I always get confused about ​[ Asking if he has already had his dinner] did you had your dinner? did you have your dinner? Have you had your dinner? I was iron deficient , since I didn't have (as in ...
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Timing of adverb after conditional

The sentence in question: Should you decide to decline the offer, the contract is terminated effective immediately. My question is about the timing of the word immediately. Would immediately refer to ...
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place-place-time

Could you please tell me which one of the following sentences is correct grammatically? I am giving a talk at the International Congress on Mathematical Physics in Berlin, Germany, in July 2021. I ...
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Compact writing of "1, 3, 6, 9, 12, 24 and 36-month survival was analysed"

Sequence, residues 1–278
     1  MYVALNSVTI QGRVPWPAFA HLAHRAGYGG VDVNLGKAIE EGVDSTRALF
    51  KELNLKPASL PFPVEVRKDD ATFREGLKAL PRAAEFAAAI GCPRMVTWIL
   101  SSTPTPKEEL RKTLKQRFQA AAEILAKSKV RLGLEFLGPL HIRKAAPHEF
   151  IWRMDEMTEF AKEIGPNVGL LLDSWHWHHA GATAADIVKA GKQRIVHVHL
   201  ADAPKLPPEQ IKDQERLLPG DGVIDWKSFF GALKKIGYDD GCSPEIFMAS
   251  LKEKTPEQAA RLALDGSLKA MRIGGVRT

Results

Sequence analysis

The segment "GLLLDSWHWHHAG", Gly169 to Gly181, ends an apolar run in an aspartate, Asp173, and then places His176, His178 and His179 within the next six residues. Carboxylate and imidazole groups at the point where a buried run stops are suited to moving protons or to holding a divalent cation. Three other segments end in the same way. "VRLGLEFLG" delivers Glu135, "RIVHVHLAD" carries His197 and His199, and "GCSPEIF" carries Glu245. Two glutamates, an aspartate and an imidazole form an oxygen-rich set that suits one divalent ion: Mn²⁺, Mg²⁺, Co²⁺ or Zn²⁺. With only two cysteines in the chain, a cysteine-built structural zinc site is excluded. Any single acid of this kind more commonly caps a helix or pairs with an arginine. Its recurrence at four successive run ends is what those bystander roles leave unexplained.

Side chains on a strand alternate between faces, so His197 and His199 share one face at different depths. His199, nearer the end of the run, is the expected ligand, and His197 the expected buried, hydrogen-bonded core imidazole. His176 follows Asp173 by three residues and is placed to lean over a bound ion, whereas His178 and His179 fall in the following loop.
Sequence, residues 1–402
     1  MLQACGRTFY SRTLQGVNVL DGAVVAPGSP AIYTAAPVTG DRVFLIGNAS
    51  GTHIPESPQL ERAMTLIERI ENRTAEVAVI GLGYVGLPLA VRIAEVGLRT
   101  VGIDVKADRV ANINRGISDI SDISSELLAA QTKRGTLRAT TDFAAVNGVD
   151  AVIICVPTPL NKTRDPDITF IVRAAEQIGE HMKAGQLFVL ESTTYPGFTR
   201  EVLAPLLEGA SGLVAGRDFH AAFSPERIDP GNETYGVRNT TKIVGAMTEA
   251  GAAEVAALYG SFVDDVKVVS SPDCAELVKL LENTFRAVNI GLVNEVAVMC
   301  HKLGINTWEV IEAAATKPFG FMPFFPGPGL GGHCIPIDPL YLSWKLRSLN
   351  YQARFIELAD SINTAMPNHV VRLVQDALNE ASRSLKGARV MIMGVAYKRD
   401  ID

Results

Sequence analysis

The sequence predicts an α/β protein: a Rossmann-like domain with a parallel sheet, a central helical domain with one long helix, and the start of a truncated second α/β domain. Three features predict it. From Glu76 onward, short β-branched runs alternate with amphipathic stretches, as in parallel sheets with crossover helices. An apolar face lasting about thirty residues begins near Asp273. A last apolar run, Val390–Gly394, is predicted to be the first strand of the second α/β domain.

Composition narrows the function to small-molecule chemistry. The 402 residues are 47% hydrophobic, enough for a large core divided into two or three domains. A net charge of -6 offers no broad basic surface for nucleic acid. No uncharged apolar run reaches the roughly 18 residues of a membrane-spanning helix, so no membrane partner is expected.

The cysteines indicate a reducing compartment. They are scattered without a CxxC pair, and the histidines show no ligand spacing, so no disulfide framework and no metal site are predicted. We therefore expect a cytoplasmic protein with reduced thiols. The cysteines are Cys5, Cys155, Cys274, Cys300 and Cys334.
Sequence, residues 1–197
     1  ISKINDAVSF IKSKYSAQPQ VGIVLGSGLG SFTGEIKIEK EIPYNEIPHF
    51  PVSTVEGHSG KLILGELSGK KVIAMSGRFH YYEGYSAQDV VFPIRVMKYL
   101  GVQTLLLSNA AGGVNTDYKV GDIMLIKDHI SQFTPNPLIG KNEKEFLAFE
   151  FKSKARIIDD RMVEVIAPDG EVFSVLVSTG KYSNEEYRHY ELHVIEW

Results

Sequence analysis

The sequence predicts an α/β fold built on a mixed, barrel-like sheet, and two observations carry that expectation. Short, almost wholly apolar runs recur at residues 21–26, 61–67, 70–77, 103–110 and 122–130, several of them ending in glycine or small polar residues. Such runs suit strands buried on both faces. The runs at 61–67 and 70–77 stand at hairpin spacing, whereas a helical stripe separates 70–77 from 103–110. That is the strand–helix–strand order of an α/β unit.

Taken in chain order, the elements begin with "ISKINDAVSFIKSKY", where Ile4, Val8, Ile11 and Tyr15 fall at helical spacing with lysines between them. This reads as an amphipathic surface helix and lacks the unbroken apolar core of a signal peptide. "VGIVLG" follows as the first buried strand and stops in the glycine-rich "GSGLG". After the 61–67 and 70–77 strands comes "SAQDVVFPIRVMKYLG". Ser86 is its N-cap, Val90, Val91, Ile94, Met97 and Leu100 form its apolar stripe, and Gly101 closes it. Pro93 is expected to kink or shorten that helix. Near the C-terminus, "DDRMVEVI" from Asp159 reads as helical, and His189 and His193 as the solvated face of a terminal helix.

I have an academic paper abstract to write and it has very limited word count (150 words). I have to say that we analysed 1, 3, 6, 9, 12, 24 and 36-month survival of the included patients in this ...
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'At a time' or 'in a time'

In the phrase The quantity of insects in/at a time t is given by i(t). What is the correct? Thank you so much!
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time expression for hour ending in 00? [duplicate]

I have the following case: "This will be triggered from hour to hour". So if it is 9:32 the trigger will activate on 10:32. My question is: If I want to say from hour to hour BUT I want to ...